Why a New Rhythm Ear Training Course?
Today I’d like to tell you about a very important moment in my musical life. It happened way back when I was a student at Berklee, and I thought I was a pretty hot player. I was in a recording session that one of my teachers attended.
When I had finished my track, my teacher took me aside and said to me privately, “Man you have GOT to get your rhythm together.” I felt like I was falling through the floor, and he kept on going as my track played back “Listen: here and here and here, you’re messing up the rhythm section.” And you know what? I heard it. It was even obvious. But for some reason I didn’t hear it while I was recording! I went into panic mode and all I could think about for the next few days was how to get my rhythm better, how to hear when I was off, how to get the rhythm section to WANT to play with me, ‘cause the way I was playing, they sure weren’t going to call me.
Looking back, I think I was really lucky to have a teacher who was willing to tell me the hard truth. I was so obsessed with soloing, with learning all the jazz tunes that everyone was crazy about, learning how to identify pitches, and getting all the scales and chords under my belt, that I was thinking that rhythm would just sort of take care of itself. Well, it didn’t and it doesn’t. It needs to be worked on.
I have had the great fortune to play with some of the most evolved, amazing players, and without exception they all have not just extraordinary technique, can play blazingly fast through the most sophisticated music, but they just NAIL the rhythm.
And after all these years of teaching, I can also tell you that too many music students don’t pay enough attention to their rhythm skills. I get so many students sending me files of them playing and asking for my evaluation, and without exaggeration, I’d say 70-80% of the problems are rhythmic!
Yeah, you probably knew where this was all going, but I really had to say all this, because if you know anything about me by now you know I’m a straight shooter and a hard worker. And I created most of my educational tools because I never wanted other students to go through what I had to go through, wasting precious practice time on the wrong things, or heading off in the wrong direction.
Look, if you’re a drummer or a bass payer, you are going to be obsessed with rhythm, and seeking out a teacher who can focus on that. But if you aren’t, the chances are that you are ignoring that crucial, can’t-make-music-without-it thing that is rhythm. And it’s going to take its toll. It will manifest itself in slower playing speed, less accuracy, and inconsistent grooves.
So if you find that you slow down or speed up when you play, or don’t understand quite how a complex rhythm is put together, or just feel frustrated that your playing tends to sound monotonous, and you can’t figure out how to break the pattern or if the guys just aren’t calling your for the dance gigs…..I’ve got a course for you.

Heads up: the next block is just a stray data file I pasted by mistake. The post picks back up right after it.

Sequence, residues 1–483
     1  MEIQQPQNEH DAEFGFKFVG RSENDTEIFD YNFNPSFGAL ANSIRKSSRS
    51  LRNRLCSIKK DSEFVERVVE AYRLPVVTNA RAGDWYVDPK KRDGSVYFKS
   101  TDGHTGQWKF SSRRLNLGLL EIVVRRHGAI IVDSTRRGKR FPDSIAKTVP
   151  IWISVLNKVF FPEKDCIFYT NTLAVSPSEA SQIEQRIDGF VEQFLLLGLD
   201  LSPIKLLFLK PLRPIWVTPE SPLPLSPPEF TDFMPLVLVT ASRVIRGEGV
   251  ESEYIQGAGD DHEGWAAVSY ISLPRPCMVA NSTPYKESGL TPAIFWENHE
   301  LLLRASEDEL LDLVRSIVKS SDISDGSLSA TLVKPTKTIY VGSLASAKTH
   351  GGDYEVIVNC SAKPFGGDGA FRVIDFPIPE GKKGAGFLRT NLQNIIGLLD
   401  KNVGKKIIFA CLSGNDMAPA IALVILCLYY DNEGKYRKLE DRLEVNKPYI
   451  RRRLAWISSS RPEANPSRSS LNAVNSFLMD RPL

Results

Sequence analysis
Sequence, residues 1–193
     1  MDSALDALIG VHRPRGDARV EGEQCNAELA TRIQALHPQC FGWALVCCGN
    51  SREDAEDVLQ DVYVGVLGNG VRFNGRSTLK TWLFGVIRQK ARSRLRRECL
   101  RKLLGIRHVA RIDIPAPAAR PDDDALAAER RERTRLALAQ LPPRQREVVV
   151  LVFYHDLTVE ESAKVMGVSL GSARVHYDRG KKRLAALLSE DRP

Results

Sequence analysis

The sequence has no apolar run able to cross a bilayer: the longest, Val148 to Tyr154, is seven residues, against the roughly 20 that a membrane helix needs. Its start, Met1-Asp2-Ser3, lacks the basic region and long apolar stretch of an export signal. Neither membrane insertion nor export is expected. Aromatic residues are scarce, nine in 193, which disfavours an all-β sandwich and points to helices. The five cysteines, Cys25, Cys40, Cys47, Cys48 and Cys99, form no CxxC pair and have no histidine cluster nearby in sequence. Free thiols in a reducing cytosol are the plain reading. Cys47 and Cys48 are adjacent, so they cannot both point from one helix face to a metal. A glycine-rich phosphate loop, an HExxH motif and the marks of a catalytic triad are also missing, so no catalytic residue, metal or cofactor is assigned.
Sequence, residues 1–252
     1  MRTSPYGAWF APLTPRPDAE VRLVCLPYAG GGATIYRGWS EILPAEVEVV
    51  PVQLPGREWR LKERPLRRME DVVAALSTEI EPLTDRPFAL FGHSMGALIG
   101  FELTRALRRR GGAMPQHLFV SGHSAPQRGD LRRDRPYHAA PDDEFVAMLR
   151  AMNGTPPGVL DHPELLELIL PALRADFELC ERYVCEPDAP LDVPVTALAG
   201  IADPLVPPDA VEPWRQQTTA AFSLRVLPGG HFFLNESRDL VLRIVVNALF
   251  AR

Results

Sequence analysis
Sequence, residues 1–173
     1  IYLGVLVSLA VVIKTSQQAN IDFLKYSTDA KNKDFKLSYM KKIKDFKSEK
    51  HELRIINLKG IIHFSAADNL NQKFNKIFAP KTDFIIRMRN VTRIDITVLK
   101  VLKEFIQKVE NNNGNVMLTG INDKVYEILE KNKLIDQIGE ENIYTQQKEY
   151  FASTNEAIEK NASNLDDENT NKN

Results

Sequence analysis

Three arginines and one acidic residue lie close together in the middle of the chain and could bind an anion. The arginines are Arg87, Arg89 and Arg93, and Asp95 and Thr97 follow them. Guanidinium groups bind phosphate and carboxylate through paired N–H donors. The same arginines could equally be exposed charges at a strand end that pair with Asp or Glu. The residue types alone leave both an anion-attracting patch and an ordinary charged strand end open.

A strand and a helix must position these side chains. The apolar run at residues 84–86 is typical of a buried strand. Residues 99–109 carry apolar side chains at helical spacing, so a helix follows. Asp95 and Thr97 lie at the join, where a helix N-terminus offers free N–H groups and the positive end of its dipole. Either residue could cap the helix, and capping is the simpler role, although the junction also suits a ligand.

Let me tell you about it, and even give you some samples, so you get a real specific picture of how it works:
Each Level of the Rhythm Ear Training Course. Rhythm Ear Training Series does the following:
1. You hear a count off and then a rhythm played by a piano. Then you hear a voice telling you what rhythm was played. Here is an example:
2. You hear a rhythm and you write it down on staff paper and then check the rhythm with a PDF containing the answer.
3. The course also recommends you apply these rhythms to popular tunes. For instance if you wanted to apply an eighth note rhythm you might take the following tunes and play that rhythm along with the tune.
“Fire and Rain” by James Taylor
“Man in the Mirror” by Michael Jackson
“Here Comes the Sun” by The Beatles
“Go your Own Way” by Fleetwood Mac
I’ve included a list of tunes in the course to use for each rhythm level. Overall the course contains 4171 rhythms that you are quizzed on so it’s quite robust and if you can hear and recognize all those rhythms and easily apply it to the recommended “real music” examples then you are in a much better place with your rhythm.
I also created a Rhythm Ear Training Video Course which shows you how you can apply the rhythms from the Rhythm Ear Training Series to real music. I use the Jam Tracks Volume One and Jam Tracks Volume Two that were released earlier this year. But I’ve altered these tracks so that you here me counting every beat. Here is an example:
I put the counting in because believe it or not there are many musicians that do not know where the beat is when they hear music. By including 20 tracks that give you the counting which includes tracks in 4/4 and 5/4 hopefully this will help musicians get on track to counting music properly.
In the Rhythm Ear Training Video Course I cover 14 rhythms through the course again contains 4171 rhythms examples. In these 14 videos I show a student how to take each rhythm and use it in a real musical situation via the jam tracks. Here is an example from Level 6
So in this example I demonstrate how to apply a sixteenth note rhythm. It’s also a good example for you to check out. If you can just play and use this rhythm straight away, then you are probably not someone who needs the Rhythm Ear Training Course. If it’s taking you a minute or way more than a minute to play this well, then you probably need to sit down and think a bit about rhythm and how it might be holding you back.
My hope is that you will at least give some thought to that other 50% of music called rhythm that is so under practiced and under the radar for most players. If you decide that you need to get that together, the Rhythm Ear Training Series was made for you.